By Adam Brimelow
Health Correspondent, BBC News
It is thought there are about 300,000 problem gamblers in the UK
In the heart of London's Soho district, nestled among the cafes and clubs, restaurants and pubs, there is a new NHS service.
Set up for a one-year trial on the fourth floor of a walk-in centre, it's the first NHS clinic for gambling addicts.
Supporters say this initiative is long overdue.
Rob, a 50-year-old recovering addict helped by Gamblers Anonymous, said: "Any form of therapy or clinic - especially for young people - could save lives, or even give them a quality of life."
For Rob, his path to gambling all started as a boy in Belfast, with errands to the bookies for his brothers.
Then there were roulette machines, pitch and toss in the street, cards and visits to the greyhounds four or five times a week.
'Illness of want'
"It progressed in a way that anything I had, I had to gamble. And I actually stole things in order to fuel my gambling. I'm not proud of that but that's the way it was."
Rob says through gambling he became "embedded in his own hell".
He was unable to communicate, to have relationships, or to do his work because of his consuming obsession.
He said: "It's the illness of want. I want it and I want it now. Gambling paints a pretty picture like a holiday in the Bahamas whereby you can have these things.
"It's like a pied piper coercing you in. And that appeals to young people."
The walk-in clinic is being run in Soho for a one year trial
For years Rob was fixated with winning back his losses. He thought he had a financial problem, not an illness. But, through his involvement with Gamblers Anonymous, he developed a better understanding of his condition.
The lead consultant psychiatrist at the new NHS gambling clinic, Dr Henrietta Bowden-Jones, said that across society perceptions of gambling are changing.
She said: "People are beginning to realise that it's a serious illness that can cause people to become suicidal, that can lead people to lose their homes, to lose the relationships they most care about, and in many cases leads people who are extremely moral people to commit illegal acts to fund their addiction."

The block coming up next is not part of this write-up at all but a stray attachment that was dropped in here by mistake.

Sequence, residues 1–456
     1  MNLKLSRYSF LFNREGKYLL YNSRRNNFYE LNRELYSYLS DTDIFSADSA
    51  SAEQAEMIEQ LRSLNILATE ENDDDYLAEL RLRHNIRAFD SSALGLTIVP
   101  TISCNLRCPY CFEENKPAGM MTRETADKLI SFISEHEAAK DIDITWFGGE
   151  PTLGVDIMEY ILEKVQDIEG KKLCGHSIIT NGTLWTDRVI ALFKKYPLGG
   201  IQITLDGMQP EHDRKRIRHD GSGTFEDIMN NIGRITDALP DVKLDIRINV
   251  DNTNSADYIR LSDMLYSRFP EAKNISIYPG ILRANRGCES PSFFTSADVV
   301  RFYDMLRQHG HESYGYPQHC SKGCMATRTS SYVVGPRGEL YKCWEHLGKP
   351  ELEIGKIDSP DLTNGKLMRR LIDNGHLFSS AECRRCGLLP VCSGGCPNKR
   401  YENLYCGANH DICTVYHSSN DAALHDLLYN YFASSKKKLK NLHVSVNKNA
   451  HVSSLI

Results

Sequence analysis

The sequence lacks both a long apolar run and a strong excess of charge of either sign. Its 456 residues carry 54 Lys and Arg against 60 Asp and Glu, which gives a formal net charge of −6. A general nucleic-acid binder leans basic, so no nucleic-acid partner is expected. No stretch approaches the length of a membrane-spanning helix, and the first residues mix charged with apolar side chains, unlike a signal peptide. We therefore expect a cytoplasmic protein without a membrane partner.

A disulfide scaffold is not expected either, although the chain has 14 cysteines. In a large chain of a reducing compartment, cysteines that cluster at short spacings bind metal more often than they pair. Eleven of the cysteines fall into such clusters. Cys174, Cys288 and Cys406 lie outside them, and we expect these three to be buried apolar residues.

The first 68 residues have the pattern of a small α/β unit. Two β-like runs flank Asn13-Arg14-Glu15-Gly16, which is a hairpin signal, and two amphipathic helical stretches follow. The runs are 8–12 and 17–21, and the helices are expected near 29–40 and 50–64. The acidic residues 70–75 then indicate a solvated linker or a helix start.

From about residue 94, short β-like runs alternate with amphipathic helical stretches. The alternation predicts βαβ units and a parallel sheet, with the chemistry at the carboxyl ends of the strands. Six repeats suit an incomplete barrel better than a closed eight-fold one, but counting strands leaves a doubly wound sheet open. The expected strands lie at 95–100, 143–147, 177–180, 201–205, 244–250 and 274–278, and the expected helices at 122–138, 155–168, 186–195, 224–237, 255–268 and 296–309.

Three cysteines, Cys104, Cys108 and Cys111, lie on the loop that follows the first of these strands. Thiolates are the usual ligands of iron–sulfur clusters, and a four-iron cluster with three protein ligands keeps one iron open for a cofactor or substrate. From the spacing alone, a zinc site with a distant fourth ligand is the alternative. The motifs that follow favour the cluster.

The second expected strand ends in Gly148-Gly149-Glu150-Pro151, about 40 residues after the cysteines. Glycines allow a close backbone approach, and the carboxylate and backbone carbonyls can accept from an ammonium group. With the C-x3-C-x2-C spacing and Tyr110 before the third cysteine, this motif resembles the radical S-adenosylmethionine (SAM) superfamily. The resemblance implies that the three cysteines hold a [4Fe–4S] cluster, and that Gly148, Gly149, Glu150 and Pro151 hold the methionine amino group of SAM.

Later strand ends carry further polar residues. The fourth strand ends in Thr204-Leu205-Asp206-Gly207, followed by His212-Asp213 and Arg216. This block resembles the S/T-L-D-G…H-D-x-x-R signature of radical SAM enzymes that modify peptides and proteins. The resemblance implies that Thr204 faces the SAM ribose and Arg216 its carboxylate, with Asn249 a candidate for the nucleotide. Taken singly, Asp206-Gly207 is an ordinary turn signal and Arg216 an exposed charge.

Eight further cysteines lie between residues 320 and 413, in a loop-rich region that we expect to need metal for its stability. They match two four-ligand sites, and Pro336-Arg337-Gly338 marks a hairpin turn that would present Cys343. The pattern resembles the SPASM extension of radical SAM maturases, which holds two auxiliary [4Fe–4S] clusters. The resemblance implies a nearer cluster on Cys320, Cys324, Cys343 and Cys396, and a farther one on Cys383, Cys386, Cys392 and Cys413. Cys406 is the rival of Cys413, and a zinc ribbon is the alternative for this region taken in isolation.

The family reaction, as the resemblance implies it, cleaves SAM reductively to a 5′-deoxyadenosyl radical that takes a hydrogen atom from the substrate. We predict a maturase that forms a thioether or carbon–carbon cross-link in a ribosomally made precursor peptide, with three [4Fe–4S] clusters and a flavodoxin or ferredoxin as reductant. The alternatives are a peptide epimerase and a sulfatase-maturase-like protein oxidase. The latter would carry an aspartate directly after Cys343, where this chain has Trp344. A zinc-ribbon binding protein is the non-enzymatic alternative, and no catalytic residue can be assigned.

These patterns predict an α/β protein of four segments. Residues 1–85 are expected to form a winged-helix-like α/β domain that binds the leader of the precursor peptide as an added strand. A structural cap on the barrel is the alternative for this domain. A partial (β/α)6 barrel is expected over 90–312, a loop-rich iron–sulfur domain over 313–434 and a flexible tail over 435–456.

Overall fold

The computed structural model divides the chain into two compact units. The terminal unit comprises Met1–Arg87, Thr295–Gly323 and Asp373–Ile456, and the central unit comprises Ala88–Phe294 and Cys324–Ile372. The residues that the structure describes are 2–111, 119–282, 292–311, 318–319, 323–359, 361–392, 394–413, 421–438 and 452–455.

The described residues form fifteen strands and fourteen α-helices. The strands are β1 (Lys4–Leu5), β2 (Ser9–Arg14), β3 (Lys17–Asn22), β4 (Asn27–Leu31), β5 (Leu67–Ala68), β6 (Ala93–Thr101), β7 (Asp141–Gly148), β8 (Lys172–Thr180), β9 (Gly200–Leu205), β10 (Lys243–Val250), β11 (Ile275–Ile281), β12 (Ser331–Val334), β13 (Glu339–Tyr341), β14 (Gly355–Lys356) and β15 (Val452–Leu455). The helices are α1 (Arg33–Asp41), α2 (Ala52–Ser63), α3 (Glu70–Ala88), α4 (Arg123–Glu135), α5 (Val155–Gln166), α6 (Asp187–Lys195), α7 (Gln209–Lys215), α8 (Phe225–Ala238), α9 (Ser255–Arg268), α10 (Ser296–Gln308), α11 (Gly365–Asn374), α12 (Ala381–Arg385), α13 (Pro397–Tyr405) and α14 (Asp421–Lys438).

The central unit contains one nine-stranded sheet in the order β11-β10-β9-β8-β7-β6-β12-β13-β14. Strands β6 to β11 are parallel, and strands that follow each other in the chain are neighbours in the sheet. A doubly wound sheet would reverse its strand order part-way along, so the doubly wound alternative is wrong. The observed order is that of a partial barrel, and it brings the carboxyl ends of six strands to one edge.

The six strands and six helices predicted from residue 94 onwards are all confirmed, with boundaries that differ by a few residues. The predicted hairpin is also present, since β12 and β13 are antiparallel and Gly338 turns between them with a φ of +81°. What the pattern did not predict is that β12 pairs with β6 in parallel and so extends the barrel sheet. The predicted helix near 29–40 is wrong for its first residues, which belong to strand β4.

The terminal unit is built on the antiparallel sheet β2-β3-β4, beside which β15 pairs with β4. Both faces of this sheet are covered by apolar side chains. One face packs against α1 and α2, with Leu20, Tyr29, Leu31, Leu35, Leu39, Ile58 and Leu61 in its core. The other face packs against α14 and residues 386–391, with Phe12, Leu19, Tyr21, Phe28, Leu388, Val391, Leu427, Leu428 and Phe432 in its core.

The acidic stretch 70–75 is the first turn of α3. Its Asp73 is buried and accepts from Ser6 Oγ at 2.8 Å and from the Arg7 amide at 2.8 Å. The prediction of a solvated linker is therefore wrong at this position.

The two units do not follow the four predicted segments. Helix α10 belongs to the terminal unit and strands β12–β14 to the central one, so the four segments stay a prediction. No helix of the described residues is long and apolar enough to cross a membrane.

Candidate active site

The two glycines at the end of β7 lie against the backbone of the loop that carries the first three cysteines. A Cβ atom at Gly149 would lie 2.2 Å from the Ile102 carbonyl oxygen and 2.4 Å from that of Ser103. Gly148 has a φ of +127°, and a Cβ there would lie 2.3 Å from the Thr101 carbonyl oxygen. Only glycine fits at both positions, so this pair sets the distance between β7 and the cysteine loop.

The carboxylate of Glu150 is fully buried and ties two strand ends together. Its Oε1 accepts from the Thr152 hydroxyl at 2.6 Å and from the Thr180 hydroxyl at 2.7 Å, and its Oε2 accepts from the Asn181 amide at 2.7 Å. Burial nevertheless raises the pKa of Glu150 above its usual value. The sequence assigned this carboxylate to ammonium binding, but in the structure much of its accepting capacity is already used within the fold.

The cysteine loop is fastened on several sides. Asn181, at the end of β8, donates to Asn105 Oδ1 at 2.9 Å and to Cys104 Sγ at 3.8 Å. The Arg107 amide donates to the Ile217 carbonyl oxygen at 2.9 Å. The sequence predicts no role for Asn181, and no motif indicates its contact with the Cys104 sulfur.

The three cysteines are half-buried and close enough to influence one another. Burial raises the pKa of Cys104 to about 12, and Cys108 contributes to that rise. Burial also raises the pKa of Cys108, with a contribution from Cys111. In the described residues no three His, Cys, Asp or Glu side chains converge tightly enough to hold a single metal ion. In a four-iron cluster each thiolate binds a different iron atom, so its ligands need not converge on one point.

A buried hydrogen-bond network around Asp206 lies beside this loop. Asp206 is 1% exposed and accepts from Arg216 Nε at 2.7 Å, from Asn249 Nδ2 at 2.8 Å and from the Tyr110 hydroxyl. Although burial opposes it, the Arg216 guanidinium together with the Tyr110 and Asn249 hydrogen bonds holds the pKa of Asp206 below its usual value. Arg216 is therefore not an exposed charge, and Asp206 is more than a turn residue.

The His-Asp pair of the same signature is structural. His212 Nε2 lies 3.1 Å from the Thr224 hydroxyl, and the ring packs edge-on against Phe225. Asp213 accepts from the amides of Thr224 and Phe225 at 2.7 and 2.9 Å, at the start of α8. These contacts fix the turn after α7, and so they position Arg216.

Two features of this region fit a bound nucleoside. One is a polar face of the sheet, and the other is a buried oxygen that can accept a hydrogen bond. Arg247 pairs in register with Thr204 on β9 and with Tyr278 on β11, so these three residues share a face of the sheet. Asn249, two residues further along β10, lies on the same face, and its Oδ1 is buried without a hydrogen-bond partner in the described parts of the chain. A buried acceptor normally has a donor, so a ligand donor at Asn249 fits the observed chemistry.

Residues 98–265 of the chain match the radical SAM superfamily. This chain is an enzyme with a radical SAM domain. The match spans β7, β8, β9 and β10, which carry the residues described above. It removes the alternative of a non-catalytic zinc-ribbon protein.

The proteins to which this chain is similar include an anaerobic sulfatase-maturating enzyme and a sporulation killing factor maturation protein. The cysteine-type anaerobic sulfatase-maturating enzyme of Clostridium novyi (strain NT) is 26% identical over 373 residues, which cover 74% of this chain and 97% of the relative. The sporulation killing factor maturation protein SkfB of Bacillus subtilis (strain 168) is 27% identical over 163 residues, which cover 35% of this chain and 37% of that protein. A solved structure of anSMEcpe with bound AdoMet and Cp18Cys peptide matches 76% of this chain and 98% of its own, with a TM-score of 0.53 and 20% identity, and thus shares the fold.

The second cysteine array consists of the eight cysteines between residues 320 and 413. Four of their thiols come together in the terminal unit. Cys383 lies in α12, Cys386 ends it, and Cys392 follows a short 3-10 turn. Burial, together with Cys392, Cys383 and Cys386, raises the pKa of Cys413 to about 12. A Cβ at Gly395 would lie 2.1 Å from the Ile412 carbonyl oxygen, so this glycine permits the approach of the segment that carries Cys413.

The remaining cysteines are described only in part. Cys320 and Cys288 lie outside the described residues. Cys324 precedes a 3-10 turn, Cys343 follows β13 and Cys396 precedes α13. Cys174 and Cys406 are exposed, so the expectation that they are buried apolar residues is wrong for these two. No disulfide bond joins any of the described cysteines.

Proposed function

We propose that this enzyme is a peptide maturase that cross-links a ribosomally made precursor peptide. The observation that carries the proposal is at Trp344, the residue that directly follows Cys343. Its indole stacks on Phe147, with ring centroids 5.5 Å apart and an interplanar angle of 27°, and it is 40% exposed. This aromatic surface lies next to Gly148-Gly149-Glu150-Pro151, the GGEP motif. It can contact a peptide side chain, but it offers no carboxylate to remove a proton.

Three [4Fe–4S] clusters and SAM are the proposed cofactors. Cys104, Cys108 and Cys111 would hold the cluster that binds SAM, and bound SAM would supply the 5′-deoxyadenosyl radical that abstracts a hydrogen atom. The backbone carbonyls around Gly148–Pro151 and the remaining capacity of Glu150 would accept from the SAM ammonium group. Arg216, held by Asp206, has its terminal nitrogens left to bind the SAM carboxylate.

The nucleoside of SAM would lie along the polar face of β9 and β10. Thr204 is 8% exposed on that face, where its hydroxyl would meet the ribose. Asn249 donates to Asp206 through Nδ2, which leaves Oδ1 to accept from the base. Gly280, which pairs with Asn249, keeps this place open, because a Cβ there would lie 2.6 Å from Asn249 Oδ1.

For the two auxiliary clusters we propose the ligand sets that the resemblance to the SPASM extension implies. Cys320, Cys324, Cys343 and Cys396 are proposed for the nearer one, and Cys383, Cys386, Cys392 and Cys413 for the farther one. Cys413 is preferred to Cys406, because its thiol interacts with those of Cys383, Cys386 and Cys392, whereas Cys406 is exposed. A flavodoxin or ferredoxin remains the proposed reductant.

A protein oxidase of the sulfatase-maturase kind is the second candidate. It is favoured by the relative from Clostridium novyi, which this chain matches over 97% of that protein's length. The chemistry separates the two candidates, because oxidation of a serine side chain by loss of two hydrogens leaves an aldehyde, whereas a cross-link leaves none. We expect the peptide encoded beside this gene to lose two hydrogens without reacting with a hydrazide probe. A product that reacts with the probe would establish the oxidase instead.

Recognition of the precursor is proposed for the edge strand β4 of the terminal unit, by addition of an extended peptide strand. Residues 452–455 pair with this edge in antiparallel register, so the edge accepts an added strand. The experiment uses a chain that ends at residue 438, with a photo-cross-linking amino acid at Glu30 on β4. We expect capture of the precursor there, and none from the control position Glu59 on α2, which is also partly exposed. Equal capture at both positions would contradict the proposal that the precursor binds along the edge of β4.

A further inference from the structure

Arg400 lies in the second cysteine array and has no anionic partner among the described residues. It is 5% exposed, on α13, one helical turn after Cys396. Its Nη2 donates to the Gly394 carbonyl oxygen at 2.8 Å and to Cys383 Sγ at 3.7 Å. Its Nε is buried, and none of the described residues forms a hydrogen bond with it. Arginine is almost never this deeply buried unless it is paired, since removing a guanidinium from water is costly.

The clinic helps people with extreme gambling problems, who may be referred on by counselling services or their GP, or they may refer themselves.
There's an initial hour-and-a-half psychiatric assessment with Dr Bowden-Jones.
Then there are 12 weeks of one-to-one cognitive behavioural therapy, another 12 weeks of group therapy, plus help for depression and anxiety, support for families and advice on managing debts.
It's thought there are about 300,000 problem gamblers across the UK. Dr Bowden-Jones hopes this clinic is just the start of a much wider service.
"My dream in the future would be to have other NHS centres set up throughout the country. And I've been training colleagues, psychiatrists in the subject, in the hope that people will be interested and want to pick it up."
This is something the British Medical Association also wants to see. Last year it published a report spelling out the health risks of gambling addiction, warning of the particular threat to young people from fruit machines and online gambling.
The BMA's head of science and ethics, Dr Vivienne Nathanson, said the gambling industry should do much more to pay for the harm caused by addiction.
"I think it's an interesting question whether the NHS should pay for it and we certainly believe that the levy on the gambling industry which is there to fund good causes, including education about gambling addiction, should be producing more money, and that that money should support many of these clinics."
The gaming industry supports problem gamblers through voluntary donations to the Responsibility in Gambling Trust.
It has helped to fund the new clinic in Soho, and also supports gambling research and education.
The BMA has warned of the health risks of gambling addiction,
It has agreed a target this year of £4.5m with the industry, but donations look set to fall well short.
The government is looking at whether to make the levy compulsory. The trust's director, Malcolm Bruce, said this was no idle threat.
He said: "We're not confident of reaching our target, but it's still in the gift of the gambling industry to put that money forward.
"Otherwise there will be a levy on the gambling industry and they will be forced to pay for this whole area. And that would be really unfortunate because some excellent progress has been made over the past seven or eight years in this area."
The clinic in Soho has already seen patients from all over England. If it proves successful, pressure will grow on the NHS to set up similar clinics across the country, and that will prompt further questions about who foots the bill.
People wanting to refer themselves can contact the clinic at firstname.lastname@example.org